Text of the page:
Steps towards Enhancing the User Experience in Accessing Digital Libraries

  • Carlo Meghini
  • Valentina Bartalesi
Part of the Lecture Notes in Computer Science book series (LNCS, volume 8522)

Abstract

The advent of the Web has driven cultural institutions to publish digital representations of their assets online. The main problem of the cultural Web sites, and of their back-end Digital Libraries (DLs), is the limitation of the informative services offered to the user. DLs offer simple search functionalities which return a list of the information objects contained in the DL. No semantic relation among the returned objects is usually reported which can help the user in obtaining a more complete knowledge on the subject of the research. The introduction of the Semantic Web, and in particular of the Linked Data, has the potential of improving the search functionalities of DLs. Many cultural institutions have represented their metadata into formal descriptions encoded by means of formal languages such as RDF and OWL. Our study aims at exploiting the representations of the semantics of the objects contained in the new generation DLs in the in order to introduce a new search functionality. As output of a query, the new search functionality does not return just a list of objects but it presents a narrative, based on the objects of the library that are relevant to the query and on a set of semantic relations that connect these objects into something meaningful to the user. The paper presents the first theoretical achievements on a model for representing narratives.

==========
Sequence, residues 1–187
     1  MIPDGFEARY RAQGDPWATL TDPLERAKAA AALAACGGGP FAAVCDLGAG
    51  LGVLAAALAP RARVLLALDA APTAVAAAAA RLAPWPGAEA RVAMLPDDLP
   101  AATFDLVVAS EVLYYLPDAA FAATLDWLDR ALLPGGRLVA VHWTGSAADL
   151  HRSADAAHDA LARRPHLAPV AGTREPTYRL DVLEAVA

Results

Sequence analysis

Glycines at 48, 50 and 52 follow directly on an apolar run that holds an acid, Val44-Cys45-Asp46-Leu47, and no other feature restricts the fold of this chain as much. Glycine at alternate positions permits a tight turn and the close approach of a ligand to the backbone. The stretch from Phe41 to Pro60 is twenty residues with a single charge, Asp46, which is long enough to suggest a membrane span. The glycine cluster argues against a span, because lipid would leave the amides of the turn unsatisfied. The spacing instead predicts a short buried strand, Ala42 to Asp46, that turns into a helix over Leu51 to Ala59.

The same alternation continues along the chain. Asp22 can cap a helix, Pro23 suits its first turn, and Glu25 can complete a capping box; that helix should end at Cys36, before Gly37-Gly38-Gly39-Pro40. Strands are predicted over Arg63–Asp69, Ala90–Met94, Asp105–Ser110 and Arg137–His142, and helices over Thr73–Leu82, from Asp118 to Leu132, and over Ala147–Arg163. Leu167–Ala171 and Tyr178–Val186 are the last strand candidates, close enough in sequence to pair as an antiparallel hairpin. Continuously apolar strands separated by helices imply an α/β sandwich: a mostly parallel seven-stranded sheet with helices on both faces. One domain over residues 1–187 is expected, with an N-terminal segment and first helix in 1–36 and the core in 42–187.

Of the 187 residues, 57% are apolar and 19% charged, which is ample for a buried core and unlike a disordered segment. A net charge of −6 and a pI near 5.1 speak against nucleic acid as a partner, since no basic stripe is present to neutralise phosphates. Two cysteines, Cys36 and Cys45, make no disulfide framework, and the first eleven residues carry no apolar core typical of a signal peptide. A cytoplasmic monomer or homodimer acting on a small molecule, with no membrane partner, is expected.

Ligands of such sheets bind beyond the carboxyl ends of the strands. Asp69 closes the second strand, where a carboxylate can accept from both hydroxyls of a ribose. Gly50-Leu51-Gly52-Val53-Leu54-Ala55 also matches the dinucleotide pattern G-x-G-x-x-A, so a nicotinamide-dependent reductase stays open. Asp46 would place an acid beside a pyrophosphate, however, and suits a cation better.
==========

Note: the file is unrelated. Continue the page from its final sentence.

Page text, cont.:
Keywords

Narratology Digital Libraries Narrative Storytelling Semantic Networks Ontologies 

Preview

Unable to display preview. Download preview PDF.

Unable to display preview. Download preview PDF.

References

  1. 1.
    Allen, J.F.: Maintaining knowledge about temporal intervals. Communications of the ACM 26(11), 832–843 (1983)CrossRefMATHGoogle Scholar
  2. 2.
    Aristotele: Poetica. Laterza (1998)Google Scholar
  3. 3.
    Bal, M.: Narratology: Introduction to the theory of narrative. University of Toronto Press (1997)Google Scholar
  4. 4.
    Berners-Lee, T., Hendler, J., Lassila, O., et al.: The semantic web. Scientific American 284(5), 28–37 (2001)CrossRefGoogle Scholar
  5. 5.
    Bringsjord, S., Ferrucci, D.: Artificial intelligence and literary creativity: Inside the mind of brutus, a storytelling machine. Psychology Press (1999)Google Scholar
  6. 6.
    Cavazza, M., Pizzi, D.: Narratology for interactive storytelling: A critical introduction. In: Göbel, S., Malkewitz, R., Iurgel, I. (eds.) TIDSE 2006. LNCS, vol. 4326, pp. 72–83. Springer, Heidelberg (2006)CrossRefGoogle Scholar
  7. 7.
    Chatman, S.: Characters and narrators: Filter, center, slant, and interest-focus. Poetics Today 7(2), 189–204 (1986)CrossRefGoogle Scholar
  8. 8.
    Chatman, S.B.: Story and discourse: Narrative structure in fiction and film. Cornell University Press (1980)Google Scholar
  9. 9.
    Crawford, C.: Chris Crawford on interactive storytelling. New Riders (2012)Google Scholar
  10. 10.
    Doerr, M., Gradmann, S., Hennicke, S., Isaac, A., Meghini, C., van de Sompel, H.: The europeana data model (edm). In: World Library and Information Congress: 76th IFLA General Conference and Assembly, pp. 10–15 (2010)Google Scholar